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Friday, May 4, 2012

Writing DIfferences

Somewhere, someone once said, Write what you know. I hate that phrase. For many years, I took that to mean Write things that you’ve personally experienced. No one wanted to read about my life – teacher, software engineer, student, wife, mom. Quite ordinary and boring to those looking for adventure. I kept reading.

Jump ahead a few decades. I’d read a few thousand books by now and internalized that not every author had experienced everything in his or her stories, not when someone could make me believe hobbits existed, or that this world was only a shadow of an idealized place called Amber. These writers were fiction writers. It was their job to make me believe in the reality – and yes, the underlying truth of their story. When I took up fiction writing as a hobby, I wasn’t sure I could instill that same sense of belief in other people. But the more I worked at it, the more I learned that I could - by thinking hard, by working hard to know what I was talking about, by considering what it might be like to live in a culture or situation or a profession far from my own experience.

Yet I still heard people saying don’t. Don’t try to write people of a different gender. I got past this one, too. I was not only writing from the point of view of two characters who were warriors, but they both happened to be men. I had certainly observed plenty of men! I thought hard about how their feelings or reactions might be their own, not mine. I worked hard to make their voices, concerns, and behavior right for their characters and the story. And male readers told me I did just fine.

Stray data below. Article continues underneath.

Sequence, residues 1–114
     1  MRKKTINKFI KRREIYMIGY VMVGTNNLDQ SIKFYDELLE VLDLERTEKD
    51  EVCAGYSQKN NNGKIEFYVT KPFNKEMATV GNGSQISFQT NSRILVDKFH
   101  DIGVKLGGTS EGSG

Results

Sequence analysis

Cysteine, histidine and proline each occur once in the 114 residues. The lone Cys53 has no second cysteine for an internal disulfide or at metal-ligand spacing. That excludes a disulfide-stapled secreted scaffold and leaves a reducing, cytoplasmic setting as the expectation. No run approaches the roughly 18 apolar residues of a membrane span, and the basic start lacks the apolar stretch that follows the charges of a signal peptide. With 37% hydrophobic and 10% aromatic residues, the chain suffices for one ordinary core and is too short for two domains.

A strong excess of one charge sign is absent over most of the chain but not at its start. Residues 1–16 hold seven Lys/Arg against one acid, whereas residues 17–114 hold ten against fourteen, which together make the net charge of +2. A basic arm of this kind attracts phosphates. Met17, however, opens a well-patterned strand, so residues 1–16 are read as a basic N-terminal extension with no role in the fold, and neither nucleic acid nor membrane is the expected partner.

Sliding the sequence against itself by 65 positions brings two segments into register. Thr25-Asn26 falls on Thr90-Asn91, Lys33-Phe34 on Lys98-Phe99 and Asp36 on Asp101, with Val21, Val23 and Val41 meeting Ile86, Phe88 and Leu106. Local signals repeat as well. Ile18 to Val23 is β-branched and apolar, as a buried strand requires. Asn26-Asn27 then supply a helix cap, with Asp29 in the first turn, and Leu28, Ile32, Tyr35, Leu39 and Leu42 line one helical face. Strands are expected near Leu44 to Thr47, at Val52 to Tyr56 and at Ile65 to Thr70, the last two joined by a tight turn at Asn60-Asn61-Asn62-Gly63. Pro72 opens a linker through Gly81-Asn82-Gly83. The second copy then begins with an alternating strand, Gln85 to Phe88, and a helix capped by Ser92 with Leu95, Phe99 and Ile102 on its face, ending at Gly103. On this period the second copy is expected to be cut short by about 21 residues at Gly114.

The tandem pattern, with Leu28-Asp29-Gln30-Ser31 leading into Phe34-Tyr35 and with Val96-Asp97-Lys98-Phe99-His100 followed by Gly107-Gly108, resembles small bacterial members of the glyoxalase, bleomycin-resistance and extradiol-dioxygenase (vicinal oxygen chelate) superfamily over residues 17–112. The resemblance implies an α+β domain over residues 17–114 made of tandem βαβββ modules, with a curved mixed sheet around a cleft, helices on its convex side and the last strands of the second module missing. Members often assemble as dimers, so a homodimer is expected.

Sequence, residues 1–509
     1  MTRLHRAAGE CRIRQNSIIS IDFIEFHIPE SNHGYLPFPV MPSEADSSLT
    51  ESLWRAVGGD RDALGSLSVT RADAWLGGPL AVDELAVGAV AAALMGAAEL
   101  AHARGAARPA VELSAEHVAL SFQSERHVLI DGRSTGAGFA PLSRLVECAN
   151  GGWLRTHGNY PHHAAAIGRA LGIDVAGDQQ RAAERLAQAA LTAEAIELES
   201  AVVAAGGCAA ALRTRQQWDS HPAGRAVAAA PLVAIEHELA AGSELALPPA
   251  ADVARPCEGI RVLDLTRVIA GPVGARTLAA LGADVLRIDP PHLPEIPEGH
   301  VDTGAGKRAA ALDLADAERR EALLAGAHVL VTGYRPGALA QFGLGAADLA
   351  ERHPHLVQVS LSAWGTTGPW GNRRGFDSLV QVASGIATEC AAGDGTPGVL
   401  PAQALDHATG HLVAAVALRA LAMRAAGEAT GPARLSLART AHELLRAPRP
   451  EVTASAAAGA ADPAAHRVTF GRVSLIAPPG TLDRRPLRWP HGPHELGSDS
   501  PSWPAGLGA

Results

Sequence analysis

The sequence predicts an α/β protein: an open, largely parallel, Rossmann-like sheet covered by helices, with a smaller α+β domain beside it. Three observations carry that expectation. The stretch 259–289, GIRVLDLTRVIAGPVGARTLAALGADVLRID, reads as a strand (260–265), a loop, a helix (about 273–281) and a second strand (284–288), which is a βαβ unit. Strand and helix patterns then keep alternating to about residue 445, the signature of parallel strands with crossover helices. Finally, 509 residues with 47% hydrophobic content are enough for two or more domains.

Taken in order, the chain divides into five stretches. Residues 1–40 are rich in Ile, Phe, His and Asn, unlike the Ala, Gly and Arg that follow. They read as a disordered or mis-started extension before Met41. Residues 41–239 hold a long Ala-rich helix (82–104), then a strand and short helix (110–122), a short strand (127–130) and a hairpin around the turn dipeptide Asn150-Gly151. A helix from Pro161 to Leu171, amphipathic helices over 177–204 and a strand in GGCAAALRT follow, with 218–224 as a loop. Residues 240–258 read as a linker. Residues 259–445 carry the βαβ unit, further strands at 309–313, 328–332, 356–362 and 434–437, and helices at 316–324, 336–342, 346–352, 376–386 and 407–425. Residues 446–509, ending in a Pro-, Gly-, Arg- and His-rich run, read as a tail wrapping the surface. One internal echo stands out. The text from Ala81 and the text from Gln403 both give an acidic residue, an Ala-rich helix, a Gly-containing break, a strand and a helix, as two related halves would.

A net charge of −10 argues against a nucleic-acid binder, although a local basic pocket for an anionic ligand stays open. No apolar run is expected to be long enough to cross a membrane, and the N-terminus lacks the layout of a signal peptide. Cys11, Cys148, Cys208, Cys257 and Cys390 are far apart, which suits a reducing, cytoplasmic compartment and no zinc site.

And then I wrote from the point of view of a ten-year-old boy (later sixteen-year-old) and that worked, as well. (It helped that I lived in a house with one - male - spouse and three sons!)

Still, of course, there were other nay-saying voices out there in the aether: Don’t try to write people of a different color or sexual orientation or a disability you don’t live with. How could you possibly know? How could you possibly understand? How could you possibly get it right when you are an American, heterosexual woman of Irish heritage who grew up in the southwest US in the 20th century without anything one would label a disability (except maybe painful shyness)?

But I decided that if I could write men convincingly, and if I could write two very different warriors convincingly when I had no combat training or experience, then I ought to be able to write these things too. I am fiction writer, and I use knowledge, imagination, logic, and reason to make my characters’ behavior and experiences true to the human experience as it exists in the fictional worlds I create, and close enough to the human experience in this world that my readers find them believable and identifiable.